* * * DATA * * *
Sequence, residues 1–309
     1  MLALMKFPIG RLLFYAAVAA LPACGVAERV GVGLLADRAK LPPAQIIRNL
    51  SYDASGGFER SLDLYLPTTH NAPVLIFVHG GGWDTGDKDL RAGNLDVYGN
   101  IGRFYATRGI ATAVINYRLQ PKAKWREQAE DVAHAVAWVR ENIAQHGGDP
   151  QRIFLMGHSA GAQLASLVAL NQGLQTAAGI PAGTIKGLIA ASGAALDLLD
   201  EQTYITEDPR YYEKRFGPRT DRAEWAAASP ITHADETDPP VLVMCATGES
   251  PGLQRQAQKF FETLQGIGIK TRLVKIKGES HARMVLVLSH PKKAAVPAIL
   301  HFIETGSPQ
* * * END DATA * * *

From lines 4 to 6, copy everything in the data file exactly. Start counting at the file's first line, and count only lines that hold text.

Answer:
   101  IGRFYATRGI ATAVINYRLQ PKAKWREQAE DVAHAVAWVR ENIAQHGGDP
   151  QRIFLMGHSA GAQLASLVAL NQGLQTAAGI PAGTIKGLIA ASGAALDLLD
   201  EQTYITEDPR YYEKRFGPRT DRAEWAAASP ITHADETDPP VLVMCATGES